Father: Hikohohodemi no Mikoto (120C)
Mother: Toyotama-hime-no-mikoto (122)
Children: AItsuse-no-mikoto (125A)
Kamuyamato-iware-hiko-no- mikoto (125D)
Udo Jingū 鵜戸神宮
Miyazaki-ken, Nichinan-shi, Miyaura 3232
Miyazaki Jingū 宮崎神宮
Miyazaki-ken, Miyazaki-shi, Jingū 2-4−1
Sugo Ishibe Jinja 菅生石部神社
Ishikawa-ken, Kaga-shi, Daishōjishikiji 81-2
Ukawa Jinja 鵜川神社
Niigata-ken, Kashiwazaki-shi, Miyaba-chō 4-9
The Parturition-House of Cormorant's Feathers
When she was pregnant with Ugaya-fukiaezu, Toyotama-hime-no-mikoto (122) came from her natural habitat of the sea (her father was Ōwatatsumi (18A), the Kami of the sea) to dry land to tell Hiko-hohodemi, her husband, that she was close to giving birth to his child. and that it would not be fitting for a child of a heavenly deity to be born in the ocean. Construction of a parturition hut using cormorant feathers as thatching was started, but before it could be completed her labour pains began and she went into the incomplete hut. Just as she was about to give birth she told her husband that when people of other lands, including herself, give birth they revert to their original forms, and she therefore did not want Hiko-hohodemi to watch her delivery. He, like Izanagi before him, was unable to resist temptation, and so terrified was he at the sight of Toyotama-hime turning into a crocodile just as she was giving birth and then crawling and slithering around that he fled. The new mother was shamed at having been seen, and although she had intended to go back and forth from sea to land she withdrew into the sea and closed the sea border. The newborn child's name reflects the circumstances of the uncompleted parturition hut. Though still embittered at Hiko-hohodemi for having peeked at her, Toyotama-hime nevertheless still felt affection for him and sent her younger sister, Tamayori-hime-no-mikoto (123) to act as nursemaid to their child. Hiko-hohodemi lived on to the age of 580 and his tomb is to the west of Mt. Takachiho.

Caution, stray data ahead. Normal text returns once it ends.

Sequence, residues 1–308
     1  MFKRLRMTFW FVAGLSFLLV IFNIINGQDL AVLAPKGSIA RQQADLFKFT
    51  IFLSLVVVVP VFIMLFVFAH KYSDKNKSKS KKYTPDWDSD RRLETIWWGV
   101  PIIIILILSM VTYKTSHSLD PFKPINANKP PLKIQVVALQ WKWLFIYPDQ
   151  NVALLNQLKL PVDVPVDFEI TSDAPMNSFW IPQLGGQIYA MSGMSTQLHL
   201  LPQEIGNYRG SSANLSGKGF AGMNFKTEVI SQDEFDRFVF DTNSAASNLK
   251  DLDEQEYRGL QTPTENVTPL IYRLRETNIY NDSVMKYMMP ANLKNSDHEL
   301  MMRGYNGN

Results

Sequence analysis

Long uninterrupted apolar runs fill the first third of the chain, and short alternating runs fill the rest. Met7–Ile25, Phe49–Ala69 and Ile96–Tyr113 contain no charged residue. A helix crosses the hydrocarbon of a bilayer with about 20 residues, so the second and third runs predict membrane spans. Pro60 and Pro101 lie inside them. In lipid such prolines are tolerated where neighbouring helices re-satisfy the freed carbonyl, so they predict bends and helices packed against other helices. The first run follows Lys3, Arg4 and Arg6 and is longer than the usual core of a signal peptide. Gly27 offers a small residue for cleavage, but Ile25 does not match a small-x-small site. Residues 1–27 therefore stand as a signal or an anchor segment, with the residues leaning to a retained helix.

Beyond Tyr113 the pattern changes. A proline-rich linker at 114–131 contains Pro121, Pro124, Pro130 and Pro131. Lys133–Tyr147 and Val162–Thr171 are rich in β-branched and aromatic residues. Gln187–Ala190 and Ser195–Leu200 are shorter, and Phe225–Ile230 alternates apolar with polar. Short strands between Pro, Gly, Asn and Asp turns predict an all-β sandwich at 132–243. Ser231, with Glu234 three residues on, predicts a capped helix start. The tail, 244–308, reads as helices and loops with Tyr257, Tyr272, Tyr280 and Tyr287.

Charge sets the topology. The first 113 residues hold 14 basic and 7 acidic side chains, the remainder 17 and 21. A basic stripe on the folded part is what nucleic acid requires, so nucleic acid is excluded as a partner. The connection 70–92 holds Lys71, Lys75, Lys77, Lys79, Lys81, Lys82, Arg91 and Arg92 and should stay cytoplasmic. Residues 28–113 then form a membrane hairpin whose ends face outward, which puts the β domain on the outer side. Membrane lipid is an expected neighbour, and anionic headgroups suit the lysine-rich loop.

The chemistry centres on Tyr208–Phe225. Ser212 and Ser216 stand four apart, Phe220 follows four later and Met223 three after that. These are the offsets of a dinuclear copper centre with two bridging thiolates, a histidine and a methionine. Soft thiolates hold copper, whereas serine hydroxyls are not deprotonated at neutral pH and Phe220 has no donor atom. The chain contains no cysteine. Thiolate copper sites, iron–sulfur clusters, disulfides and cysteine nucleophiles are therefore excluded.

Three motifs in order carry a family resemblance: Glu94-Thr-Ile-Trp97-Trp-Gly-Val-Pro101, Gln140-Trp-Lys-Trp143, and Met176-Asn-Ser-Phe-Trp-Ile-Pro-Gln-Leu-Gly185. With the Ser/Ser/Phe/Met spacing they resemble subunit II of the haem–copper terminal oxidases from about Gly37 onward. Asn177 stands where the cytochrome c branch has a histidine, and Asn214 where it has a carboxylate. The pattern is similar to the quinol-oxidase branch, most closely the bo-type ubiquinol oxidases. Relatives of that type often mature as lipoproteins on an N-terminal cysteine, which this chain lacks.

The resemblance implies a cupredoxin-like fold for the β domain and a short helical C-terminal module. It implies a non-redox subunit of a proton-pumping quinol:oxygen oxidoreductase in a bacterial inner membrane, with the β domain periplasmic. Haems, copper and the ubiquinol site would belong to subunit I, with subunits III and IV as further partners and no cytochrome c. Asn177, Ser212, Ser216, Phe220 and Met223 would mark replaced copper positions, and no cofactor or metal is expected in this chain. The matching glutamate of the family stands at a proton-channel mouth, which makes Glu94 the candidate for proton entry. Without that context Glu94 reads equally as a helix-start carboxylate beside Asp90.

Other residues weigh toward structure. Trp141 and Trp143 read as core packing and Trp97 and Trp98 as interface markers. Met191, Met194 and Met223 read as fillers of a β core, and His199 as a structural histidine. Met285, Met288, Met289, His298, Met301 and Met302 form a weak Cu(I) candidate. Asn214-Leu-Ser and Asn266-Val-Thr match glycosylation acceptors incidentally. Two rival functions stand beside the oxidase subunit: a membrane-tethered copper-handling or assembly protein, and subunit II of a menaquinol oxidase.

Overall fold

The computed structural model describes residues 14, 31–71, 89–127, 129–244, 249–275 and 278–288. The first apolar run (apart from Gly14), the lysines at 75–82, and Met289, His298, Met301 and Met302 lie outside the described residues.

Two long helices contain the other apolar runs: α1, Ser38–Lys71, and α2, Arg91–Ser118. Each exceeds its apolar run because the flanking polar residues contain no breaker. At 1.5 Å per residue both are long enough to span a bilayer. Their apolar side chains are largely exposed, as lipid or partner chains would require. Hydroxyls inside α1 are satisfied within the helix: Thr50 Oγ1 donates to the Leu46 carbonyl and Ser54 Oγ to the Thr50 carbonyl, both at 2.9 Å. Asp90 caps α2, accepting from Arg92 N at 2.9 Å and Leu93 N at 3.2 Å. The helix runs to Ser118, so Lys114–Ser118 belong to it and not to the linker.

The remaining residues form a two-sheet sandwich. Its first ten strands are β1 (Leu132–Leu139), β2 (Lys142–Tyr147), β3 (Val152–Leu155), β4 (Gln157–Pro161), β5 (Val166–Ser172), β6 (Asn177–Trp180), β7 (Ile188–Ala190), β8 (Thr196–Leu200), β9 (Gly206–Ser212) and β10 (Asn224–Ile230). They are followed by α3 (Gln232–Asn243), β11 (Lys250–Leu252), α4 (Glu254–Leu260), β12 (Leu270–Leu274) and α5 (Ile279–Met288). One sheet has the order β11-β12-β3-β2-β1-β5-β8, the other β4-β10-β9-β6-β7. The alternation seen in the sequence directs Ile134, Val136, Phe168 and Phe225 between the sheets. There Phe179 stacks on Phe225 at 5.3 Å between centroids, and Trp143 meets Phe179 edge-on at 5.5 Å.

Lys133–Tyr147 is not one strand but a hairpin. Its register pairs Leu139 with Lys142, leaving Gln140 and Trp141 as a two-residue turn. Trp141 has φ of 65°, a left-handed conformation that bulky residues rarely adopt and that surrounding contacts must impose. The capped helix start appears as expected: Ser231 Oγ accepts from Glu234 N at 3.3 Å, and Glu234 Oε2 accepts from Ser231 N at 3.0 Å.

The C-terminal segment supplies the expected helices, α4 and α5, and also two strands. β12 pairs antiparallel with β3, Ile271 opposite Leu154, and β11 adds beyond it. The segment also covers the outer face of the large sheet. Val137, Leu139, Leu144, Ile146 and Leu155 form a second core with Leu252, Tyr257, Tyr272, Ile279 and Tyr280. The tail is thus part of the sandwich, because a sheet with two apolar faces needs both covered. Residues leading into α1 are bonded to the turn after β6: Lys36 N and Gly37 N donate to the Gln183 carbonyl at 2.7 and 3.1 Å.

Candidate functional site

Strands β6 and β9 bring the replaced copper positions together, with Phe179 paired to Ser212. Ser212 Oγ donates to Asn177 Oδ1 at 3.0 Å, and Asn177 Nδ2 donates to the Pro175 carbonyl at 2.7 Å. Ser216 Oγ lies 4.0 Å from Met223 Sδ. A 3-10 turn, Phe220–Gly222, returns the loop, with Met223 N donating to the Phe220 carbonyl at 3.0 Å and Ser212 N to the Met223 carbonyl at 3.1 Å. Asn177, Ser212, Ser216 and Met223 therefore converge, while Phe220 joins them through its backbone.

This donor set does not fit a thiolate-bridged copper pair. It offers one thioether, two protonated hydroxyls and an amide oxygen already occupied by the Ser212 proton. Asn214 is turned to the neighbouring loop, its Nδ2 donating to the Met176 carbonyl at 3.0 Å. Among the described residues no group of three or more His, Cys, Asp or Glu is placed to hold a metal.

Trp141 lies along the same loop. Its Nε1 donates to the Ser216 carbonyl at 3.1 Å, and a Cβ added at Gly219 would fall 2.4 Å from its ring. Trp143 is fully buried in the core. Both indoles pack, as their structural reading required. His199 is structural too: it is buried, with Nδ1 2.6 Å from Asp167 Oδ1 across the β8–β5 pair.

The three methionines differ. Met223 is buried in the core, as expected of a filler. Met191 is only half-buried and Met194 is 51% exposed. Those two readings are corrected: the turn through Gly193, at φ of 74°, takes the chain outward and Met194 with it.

The Children of Ugayafukiaezu
Ugayafukiaezu wed his aunt, Tamayori-hime, and they bore a child, AItsuse-no-mikoto (125A), followed by Inahi-no-mikoto (125B), Mikenu-no-mikoto (125C), and then last, but emphatically not least, Kamuyamato-iware-hiko-no- mikoto (125D). This latter is the family name of Emperor Jinmu, the first of Japan's legendary emperors, who is said to have reigned from 660 to 585 B.C.